A Wine Lover’s Look At Riesling Grapes

The white Riesling grape is thought to have originated in the Rheingau region of southwestern Germany. It has been cultivated in Germany since the Fifteenth Century or even earlier. Riesling is the dominant grape variety in Germany. It is found throughout Central Europe, the Alsace region of northeastern France, California, Australia, and New Zealand.

In contrast to the popular misconception that Riesling wines are always sweet, Riesling varies from a dry, acidic wine, to a slightly sweet wine to a very sweet wine that can happen when grapes are affected by noble rot (botrytis) or frost. More than most other white varieties, the Riesling grape is very sensitive to its soil, climate, and growing conditions. Cool-climate Rieslings have a aromatic, delicate nose, while warm-climate Rieslings remind one of limes and other citrus fruits. The color varies from a very pale yellow with a slightly green and often brilliant tinge when young that evolve with age into a golden, honey-colored, possibly viscous wine. The taste varies from a crisp, acidic flavor when young to a rich, honey, spicy, toasty palate associated with the developed wine. Alsace Rieslings are often acidic and taste of minerals and fruit. German Rieslings are sweeter and more aromatic, in particular the late vintage and Eiswein (made from grapes that froze on the vine) styles of the Rheingau, which are usually golden colored, syrupy and very sweet. They taste of lime or tropical fruit.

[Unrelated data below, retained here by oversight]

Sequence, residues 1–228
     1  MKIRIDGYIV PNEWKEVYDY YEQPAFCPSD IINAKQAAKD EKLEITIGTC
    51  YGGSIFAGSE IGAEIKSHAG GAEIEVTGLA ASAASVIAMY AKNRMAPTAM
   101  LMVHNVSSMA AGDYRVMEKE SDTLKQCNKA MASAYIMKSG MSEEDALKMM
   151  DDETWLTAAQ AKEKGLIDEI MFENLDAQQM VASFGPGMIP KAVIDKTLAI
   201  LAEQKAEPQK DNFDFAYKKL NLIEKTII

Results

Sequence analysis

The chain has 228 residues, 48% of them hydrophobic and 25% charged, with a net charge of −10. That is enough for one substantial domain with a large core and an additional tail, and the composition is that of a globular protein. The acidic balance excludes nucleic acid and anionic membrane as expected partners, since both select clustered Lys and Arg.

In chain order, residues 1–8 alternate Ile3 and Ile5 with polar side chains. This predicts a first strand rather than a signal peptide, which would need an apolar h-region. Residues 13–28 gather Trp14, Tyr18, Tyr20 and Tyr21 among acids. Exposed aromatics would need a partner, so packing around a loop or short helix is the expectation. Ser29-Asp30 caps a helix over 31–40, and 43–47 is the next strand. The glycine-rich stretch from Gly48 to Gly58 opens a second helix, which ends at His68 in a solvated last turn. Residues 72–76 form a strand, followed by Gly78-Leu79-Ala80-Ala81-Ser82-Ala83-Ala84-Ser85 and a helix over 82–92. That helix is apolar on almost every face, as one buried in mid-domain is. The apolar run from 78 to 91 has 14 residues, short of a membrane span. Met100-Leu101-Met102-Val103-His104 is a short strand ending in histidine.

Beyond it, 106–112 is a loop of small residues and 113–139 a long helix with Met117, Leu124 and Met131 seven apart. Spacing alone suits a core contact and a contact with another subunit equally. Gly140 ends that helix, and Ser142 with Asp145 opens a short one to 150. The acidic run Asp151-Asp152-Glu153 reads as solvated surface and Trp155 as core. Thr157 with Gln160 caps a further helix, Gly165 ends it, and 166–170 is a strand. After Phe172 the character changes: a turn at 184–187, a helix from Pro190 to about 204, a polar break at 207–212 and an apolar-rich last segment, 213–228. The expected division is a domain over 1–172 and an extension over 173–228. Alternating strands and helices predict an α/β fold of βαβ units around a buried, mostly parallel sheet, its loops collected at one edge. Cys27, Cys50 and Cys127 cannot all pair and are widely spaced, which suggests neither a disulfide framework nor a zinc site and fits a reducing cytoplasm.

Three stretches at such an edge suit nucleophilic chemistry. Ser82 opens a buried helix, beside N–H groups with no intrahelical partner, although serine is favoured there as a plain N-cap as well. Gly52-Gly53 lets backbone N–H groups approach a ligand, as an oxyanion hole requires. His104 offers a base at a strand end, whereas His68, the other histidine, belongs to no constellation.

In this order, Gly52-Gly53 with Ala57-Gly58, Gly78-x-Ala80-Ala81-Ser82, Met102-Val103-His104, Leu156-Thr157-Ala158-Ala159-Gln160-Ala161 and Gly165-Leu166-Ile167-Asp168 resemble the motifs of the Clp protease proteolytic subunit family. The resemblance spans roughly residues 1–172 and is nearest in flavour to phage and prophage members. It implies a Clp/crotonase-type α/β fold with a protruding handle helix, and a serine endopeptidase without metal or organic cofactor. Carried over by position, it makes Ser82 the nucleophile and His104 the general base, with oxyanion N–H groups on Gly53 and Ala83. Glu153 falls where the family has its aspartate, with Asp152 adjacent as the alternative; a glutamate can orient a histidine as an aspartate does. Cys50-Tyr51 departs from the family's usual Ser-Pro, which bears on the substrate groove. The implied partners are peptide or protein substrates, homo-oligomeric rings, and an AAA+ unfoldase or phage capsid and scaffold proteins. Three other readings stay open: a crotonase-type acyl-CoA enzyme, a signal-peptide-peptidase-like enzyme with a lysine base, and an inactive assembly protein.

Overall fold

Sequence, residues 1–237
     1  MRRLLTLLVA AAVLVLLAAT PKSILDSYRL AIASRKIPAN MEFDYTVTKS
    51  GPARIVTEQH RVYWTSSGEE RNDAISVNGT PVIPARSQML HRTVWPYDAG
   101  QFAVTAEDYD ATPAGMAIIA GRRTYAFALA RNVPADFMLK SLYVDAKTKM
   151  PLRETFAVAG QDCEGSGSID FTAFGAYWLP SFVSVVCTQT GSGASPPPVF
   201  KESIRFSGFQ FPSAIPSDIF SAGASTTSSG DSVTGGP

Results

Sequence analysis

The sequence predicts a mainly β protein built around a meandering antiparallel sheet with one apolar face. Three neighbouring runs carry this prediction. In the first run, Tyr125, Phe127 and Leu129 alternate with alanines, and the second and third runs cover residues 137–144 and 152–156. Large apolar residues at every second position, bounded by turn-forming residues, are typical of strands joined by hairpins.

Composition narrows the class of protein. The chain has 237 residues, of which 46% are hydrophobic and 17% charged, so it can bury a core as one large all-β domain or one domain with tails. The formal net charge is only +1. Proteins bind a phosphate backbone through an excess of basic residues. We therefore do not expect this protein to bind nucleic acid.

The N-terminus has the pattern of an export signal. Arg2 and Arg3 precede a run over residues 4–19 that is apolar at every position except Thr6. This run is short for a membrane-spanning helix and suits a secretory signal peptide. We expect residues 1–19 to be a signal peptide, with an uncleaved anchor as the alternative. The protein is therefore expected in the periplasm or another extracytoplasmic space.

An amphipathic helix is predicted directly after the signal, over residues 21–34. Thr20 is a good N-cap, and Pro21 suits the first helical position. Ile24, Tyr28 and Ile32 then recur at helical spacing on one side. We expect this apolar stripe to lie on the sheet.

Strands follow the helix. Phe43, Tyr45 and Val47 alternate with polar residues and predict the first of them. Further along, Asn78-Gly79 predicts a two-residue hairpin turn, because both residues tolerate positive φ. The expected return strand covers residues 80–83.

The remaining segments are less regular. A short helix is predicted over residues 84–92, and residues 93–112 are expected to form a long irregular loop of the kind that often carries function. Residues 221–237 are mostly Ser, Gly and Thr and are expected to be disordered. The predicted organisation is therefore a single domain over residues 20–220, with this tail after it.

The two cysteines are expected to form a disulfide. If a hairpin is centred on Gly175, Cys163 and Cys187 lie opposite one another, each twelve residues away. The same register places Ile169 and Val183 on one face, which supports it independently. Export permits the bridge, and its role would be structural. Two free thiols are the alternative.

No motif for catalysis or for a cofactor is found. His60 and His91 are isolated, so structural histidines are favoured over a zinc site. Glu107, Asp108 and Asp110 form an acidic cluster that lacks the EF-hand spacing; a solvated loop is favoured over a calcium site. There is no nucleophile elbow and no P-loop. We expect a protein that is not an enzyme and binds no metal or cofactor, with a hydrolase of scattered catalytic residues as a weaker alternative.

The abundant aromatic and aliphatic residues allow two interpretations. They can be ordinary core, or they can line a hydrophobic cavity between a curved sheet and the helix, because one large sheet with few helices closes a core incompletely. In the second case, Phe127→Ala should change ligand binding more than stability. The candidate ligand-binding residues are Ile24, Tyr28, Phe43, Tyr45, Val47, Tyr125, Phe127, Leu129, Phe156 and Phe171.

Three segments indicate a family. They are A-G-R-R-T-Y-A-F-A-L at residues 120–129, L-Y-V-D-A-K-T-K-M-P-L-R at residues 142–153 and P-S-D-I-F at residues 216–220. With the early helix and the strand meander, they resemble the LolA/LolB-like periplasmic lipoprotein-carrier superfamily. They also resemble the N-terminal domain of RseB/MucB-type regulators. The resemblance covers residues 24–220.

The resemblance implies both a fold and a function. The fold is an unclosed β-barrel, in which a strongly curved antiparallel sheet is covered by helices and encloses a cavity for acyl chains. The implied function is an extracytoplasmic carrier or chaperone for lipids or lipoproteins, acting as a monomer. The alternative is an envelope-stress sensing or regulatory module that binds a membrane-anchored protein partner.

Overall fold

You may enjoy dry or slightly sweet Rieslings with Edam, Gouda, or Monterey Jack Cheese, spicy Oriental food, Asparagus, raw Oysters, Pasta Salad or Pasta with Vegetables. Among the suggested pairings for late-vintage or Eiswein Rieslings are desserts, Blue Cheese, and Fruit Salad. Experiment, you may be positively surprised with the positive results.

I am quite a fan of Riesling wines. Over the years I have reviewed Rieslings from Canada, Israel, Alsace (France), Serbia, Australia (both South Australia and Tasmania), and Hungary. Let’s not forget Germany; about half the German wines I reviewed are Rieslings. Rieslings from many, many German wine regions, vinified in most levels of sweetness. (Remember that German wine classifications rely heavily on the level of sweetness.) I won’t pretend that I liked all of them. But in my mind, a fine, sweet German Riesling can be an excellent wine. Perhaps surprisingly, it can be paired with quite a wide variety of foods. We are far from the days of Black Tower and Blue Nun Rieslings, neither of which I cherish.

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